A crying baby can get on anyone’s nerves so imagine what it’s like for a cat who is used to ruling the roost alone. If you are bringing home a bundle of joy, there are steps you can take to create a lasting friendship between your cat and your infant.
Start Before Your Baby is Born
Try to get your cat used to the forthcoming environmental perturbations as far in advance of the baby’s arrival as possible. For example, put baby powder and lotion on your own skin before you play with your cat so that she can get used to the smell. If your friends have babies, have them record their babies cries and play the recording at home for your cat, starting softly and gradually increasing the volume. “It’ll help desensitize your cat to the new sound,” explains New York City-based veterinarian Dr. Peter Kross.
Ask your friends to bring their children over for short visits to get your kitty used to scampering feet, but supervise the children closely so that they don’t make any sudden moves or grabs for the cat. After the baby is born, bring a blanket home from the hospital that has baby’s scent on it and leave it around the house for your pet to sniff.
You should also visit the veterinarian with your cat. Take Kitty in for a clean bill of health. Make sure she is free of fleas, tapeworms, ticks, etc., and update necessary vaccinations to make sure nothing can be passed on to your baby.
When the New Baby Arrives
Clean the soiled areas with a good cleaner so that there is no trace of a smell left. Otherwise, your cat may keep going back. Getting her a cat tree with plenty of different levels will give her more turf to claim and reduce anxiety. She will also feel more secure from this vantage point. She can escape when things get to be too much, and she can get a better view of what’s going on.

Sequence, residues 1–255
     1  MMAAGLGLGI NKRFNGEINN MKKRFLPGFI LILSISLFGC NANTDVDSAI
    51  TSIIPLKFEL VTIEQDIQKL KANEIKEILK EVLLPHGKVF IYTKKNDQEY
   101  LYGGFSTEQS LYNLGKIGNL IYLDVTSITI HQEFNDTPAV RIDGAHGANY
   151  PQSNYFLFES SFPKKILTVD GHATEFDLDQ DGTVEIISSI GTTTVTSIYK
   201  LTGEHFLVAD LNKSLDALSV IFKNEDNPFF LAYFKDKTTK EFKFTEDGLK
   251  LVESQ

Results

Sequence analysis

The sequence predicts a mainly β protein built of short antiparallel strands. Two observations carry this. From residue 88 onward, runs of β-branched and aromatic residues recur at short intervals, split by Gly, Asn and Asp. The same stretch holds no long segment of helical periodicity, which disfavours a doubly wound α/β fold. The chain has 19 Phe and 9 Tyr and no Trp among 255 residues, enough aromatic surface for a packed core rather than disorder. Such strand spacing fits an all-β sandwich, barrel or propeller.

Overall, the two most lovable creatures in the universe, cats and babies, can get along. All it takes is preparation, patience, practice and common sense to keep your family happy and your home, peaceful for a long, long time.
A Word on Toddlers
While active toddlers and playful cats can live in peace, human moms and dads need to keep an eye on both of them. Give your toddler some toys to use with the cat so they can interact with each other in a positive way. A fishing pole toy is great since cats get a good work-out and each keeps a safe distance from the other.
If you are selecting a purebred cat, choose a breed that is known for getting along with children. “The Siamese and Tokinese are two purebreeds that get along with children the best,” says Toby Hempel, author of The Cat Lover’s Handbook.
Keep cats from passing parasites to your child, or causing other health concerns, by scheduling regular vet exams, vaccinations, and nail trimmings. Make certain your cat has her own eating and sleeping space away from your whirlwind toddler. And put the litter box where your toddler can’t get at it. Cats need to feel secure when they are most vulnerable, that is when they are eating, sleeping, or using the litter box.